Ddhäl Ch'èl Cha Nän

Tombstone Territorial Park

That’s a God country there ‘cause there's a lot of game there, everything there, so people from all overuse that country because it's pretty wealthy for game and caribou, sheep, you name it, they all there.

Ddhäl Ch’èl Cha Nän means “ragged mountain land”. Covering 2,200 square kilometres this land is a legacy of the Tr’ondëk Hwëch’in Land Claim Agreement and lies within our Traditional Territory. The designation of Tombstone Territorial Park as a natural environment park was part of the Tr’ondëk Hwëch’in Final Agreement. This agreement recognizes their ancestral ties to this land and ensures its future protection.

The dramatic mountains, valleys, and rivers of Ddhäl Ch’èl Cha Nän (Tombstone Territorial Park) have a powerful impact on the first-time visitor. This experience is much enriched when the traveller learns that this landscape abounds in stories that are equally impressive. The land itself is a record of the shaping of continents, the movements of long-ago glaciers, and the unique features of a subarctic landscape underlain by permafrost. The seemingly stark  country is home to a rich variety of flora and fauna, including some species that  re unique to the area. This land sustained hardy people who developed the skills and knowledge to support themselves in this inhospitable environment. The people left many records of their relationships to the land ranging from ancient campfire hearths surrounded by stone tools to relatively recent hunting and fishing camps; and everywhere are the Hän and Gwich’in place names given to landmarks throughout their traditional territories. More recent stories include the construction and maintenance of one of the country’s most challenging  highways, and stewardship of the Porcupine Caribou Herd.

Historic Sites

The Blackstone Uplands within our Traditional Territory is an area of great cultural importance to the Tr’ondëk Hwëch’in and Gwich’in people. People occupied at least three sites in the Blackstone Uplands in the late 19th and early 20th century: Black City, Calico Town and Ts’ok giitlin. People stayed here in the fall and winter, intercepting the fall migration of the Porcupine Caribou Herd, a major source of food and clothing.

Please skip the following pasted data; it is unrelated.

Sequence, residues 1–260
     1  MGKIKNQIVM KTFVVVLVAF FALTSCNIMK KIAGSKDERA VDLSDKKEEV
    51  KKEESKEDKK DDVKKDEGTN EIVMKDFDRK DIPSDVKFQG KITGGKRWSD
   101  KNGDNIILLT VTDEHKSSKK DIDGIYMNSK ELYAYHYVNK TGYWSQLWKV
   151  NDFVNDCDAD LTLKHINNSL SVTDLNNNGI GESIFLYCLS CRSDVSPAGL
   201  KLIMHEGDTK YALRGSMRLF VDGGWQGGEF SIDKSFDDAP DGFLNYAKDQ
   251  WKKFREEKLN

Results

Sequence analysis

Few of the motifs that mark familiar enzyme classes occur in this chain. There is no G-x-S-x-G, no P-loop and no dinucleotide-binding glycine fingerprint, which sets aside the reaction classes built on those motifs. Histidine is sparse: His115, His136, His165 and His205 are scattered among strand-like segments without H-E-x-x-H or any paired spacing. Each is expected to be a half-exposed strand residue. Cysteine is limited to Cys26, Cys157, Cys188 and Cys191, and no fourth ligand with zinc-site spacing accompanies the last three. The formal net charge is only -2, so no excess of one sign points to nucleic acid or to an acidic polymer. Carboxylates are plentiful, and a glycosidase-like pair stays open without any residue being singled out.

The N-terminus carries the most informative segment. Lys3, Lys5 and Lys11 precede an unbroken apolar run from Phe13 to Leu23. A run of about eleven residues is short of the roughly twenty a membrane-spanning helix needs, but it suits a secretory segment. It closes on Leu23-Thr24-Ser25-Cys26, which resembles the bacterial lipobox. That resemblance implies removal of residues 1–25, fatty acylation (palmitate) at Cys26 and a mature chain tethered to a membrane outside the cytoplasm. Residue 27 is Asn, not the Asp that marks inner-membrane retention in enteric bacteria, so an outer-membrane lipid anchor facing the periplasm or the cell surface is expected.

For more information, please visit our Black City page.

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Continuing past teachings to future generations

Tr’ondëk Hwëch’in organises number of educational cultural camps a year on our Traditional Territory, enabling Elders, citizens, and youth to come together and share knowledge and practices out on the land.

Recent Camps

Tr’ondëk Hwëch’in First Hunt Camp that took place at Cache Creek, km 131 on the Dempster Highway from October 19th – 22nd.

A team of Tr’ondëk Hwëch’in hunters, guides, elders, and Tr’ondëk Hwëch’in staff took care of 10 youth receiving teachings out on the land. Over a few days they learned how-to harvest small game and caribou and participated in traditional activities including jarring, beading and archery. Youth were recognized for attitude, skill learning and winning at Dënezhu Bingo.

Coordinated by Sharon Vittrekwa, Cultural Education Coordinator for the Heritage department, she shares her reflections and a reminder of the importance of these teachings in a respectful way:

“Teachings are connected to learning the importance of the circle of life and the caribou. The caribou are our lifeline. By instilling the traditional values to our youth, we create our new head leaders in respect and acknowledgment of our herd leaders Les John and John Taylor.”

Visitors to the Park

Start your visit at the Tombstone Interpretive Centre at kilometre 71.5 on the Dempster Highway. Expect to drive 1.5 hours from Dawson City, 7 hours from Whitehorse and 12 hours from Inuvik, NWT. For the 2024 season, the centre is open daily, 9 am to 5 pm, from May 18 to September 22, including holidays.

More information on camping permits, facilities, and maps are available at: Yukon.ca/tombstone-territorial-park.

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